I finally met someone who also has RA. She’s the new pharmacist at my pharmacy. She asked me how I like my methotrexate. I didn’t really know how to answer. “Like” seems like a strong, simple word when talking about any drug with side effects. I would like it more if it was obviously doing its job, but I think most my progress is from the Enbrel.

She told me how she’d had a terrible time on MTX. She had done monthly injections (infusions?) and had many of the side effects that are associated with chemo, including losing her hair. She’s now been switched to two other drugs and taken off the MTX and prednisone.

As nice as it was to meet someone with RA, the encounter left me a bit shaken. Her wrists and hands definitely show the signs of RA. And she hasn’t found a drug regimen that works for her yet, meaning it’s still getting worse.

It’s so important to remember that you are on your own journey. Her experience isn’t mine and doesn’t have to be. It’s so easy to get caught up in the horror stories. To see the disease path as inevitable. But it’s not. It’s really and truly not. If you’ve just been diagnosed, know that there are more drug options, more knowledge on the disease and more medical breakthroughs and research happening than ever before. We have a ways to go until we understand RA or have a cure, but it’s an exciting time in medicine.

Seriously, before you read another blog post or go to another support group, take a deep breath and remind yourself that you ARE a beautiful and unique snowflake (or at least your RA is ;).)

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Dropping the RA Bomb

I think that authoring this blog has really helped me open up about my RA. A lot (not all yet, but maybe I’ll get there) of the shame and nerves that came with “admitting” to someone that I had this disease have faded.

I’ve had two recent experiences telling a date about my RA. The first time I’d ever told anyone about my RA aside from close friends and family and doctors was on my second date with a very sweet guy (maybe a little on the early sign, but I don’t think there are hard and fast rulles with this). We were at a pretty nice, new restaurant, where, being gluten and dairy free, I couldn’t eat half the menu. I asked the waiter about some gluten-free options and happily chose a modified scallops dish.

My date kept inquiring about my diet, giving me ample space to drop the RA bomb. “Are you allergic?” No, not exactly. “Are you trying to lose weight?” What? No…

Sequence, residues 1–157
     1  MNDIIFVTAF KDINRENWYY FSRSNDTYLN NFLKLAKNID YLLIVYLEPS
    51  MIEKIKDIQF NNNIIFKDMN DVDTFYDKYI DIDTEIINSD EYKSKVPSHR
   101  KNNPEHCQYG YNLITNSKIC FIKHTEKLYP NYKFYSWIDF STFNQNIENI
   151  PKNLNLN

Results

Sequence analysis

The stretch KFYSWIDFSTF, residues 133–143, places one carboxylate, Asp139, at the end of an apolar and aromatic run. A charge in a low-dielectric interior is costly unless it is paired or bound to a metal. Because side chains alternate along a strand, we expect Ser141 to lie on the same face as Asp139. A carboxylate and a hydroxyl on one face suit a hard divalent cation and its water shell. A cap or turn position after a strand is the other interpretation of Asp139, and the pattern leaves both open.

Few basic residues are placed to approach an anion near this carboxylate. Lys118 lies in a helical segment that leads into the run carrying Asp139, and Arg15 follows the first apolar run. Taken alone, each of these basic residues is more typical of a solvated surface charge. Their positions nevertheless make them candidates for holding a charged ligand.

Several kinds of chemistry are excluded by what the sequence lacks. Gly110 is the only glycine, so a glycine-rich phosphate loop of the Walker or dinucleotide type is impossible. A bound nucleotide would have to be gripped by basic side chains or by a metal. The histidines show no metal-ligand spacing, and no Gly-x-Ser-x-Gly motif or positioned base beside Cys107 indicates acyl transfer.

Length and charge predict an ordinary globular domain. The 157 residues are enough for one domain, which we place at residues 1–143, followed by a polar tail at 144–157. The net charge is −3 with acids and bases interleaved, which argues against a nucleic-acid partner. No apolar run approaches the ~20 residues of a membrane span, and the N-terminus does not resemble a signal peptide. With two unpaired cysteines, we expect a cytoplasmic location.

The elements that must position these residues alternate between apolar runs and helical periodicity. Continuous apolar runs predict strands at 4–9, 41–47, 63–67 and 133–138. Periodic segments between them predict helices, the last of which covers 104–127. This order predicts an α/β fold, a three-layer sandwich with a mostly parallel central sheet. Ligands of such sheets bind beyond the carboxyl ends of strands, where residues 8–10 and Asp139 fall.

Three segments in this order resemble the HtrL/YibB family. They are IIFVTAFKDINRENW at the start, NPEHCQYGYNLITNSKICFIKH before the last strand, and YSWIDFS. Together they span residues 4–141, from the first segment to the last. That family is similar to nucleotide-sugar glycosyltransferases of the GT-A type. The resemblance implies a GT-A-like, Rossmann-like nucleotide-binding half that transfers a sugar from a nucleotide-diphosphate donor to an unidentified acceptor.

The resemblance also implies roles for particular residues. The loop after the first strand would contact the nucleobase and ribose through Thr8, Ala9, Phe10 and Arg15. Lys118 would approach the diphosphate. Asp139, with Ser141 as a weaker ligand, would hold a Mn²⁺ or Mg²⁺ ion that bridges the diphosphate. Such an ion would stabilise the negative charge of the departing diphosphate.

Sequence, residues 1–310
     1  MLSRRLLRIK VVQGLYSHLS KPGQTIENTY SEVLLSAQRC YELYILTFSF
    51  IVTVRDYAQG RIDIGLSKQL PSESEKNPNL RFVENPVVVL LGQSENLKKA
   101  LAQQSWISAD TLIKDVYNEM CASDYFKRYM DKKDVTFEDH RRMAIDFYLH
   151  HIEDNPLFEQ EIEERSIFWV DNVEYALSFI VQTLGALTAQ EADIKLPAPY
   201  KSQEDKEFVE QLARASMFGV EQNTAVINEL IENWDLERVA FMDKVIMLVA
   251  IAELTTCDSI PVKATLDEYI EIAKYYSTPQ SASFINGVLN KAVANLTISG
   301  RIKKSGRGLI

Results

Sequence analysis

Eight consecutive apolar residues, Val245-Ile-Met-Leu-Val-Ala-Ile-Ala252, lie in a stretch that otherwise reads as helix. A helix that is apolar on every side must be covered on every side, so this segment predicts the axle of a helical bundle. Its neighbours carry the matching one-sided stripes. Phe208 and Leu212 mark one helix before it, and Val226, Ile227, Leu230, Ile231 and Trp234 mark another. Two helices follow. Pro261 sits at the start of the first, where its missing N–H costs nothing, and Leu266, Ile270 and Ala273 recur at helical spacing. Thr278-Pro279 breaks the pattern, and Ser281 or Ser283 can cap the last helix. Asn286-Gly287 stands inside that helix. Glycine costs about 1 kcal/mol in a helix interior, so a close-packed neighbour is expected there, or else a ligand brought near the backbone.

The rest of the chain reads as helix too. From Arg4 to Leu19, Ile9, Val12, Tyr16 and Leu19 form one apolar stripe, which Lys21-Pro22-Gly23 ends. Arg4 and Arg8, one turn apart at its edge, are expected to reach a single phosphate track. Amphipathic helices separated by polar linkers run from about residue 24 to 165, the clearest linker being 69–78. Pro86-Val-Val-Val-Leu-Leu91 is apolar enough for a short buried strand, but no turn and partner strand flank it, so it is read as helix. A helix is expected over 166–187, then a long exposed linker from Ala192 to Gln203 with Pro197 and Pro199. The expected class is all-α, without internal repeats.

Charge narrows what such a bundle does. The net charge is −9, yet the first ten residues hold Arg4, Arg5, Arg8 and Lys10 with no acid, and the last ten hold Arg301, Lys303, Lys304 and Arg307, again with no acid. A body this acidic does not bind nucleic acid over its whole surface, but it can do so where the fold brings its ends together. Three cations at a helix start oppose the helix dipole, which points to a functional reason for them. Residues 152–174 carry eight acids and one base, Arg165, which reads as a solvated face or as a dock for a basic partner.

Finally, toward the end of dinner, I brought it up. The timing was probably a bit odd, given all the opportunities he’d presented me with before. At any rate, I said something along the lines of, “Since you were asking earlier, the reason I’m on this diet is because I was diagnosed with Rheumatoid Arthritis in March.”

Ka-boom. The RA bomb had landed.

I went on to explain that the elimination diet helps you determine if an allergy or sensitivity to a certain food is making your symptoms worse.

He just nodded, asked how I was feeling. Then he asked if it was hard to do physical things, and immediately apologized for his invasive question. I didn’t mind it though, it’s a fair question. I hadn’t heard of RA before my diagnosis, but if I had, it would have probably surrounded the disability/disfigurement horror stories of the disease.

So I brushed it off, saying, “No, it’s really under control with the meds. I barely notice it.” Yes, that’s kind of a lie. It’s not totally under control and I do notice, in fact, I’m probably hyper aware of all symptoms.

I figured that if we kept hanging out, it would inevitably come back up.

I’m happy to report that the world didn’t implode. He didn’t run away and never call again. He didn’t treat me like a victim. It just was a fact.

The second time was similar, but the window wasn’t diet, it was drinking. Since I’m on methotrexate, which is hard on your liver, I’m not drinking much (my doc says 4-5 drinks per week – no, not all at once! – is fine). So we were running, and he was talking about wanting to not have any alcohol for 30 days, so I talked about how I really wasn’t drinking much either.

Then, ka-boom! The RA bomb once again landed.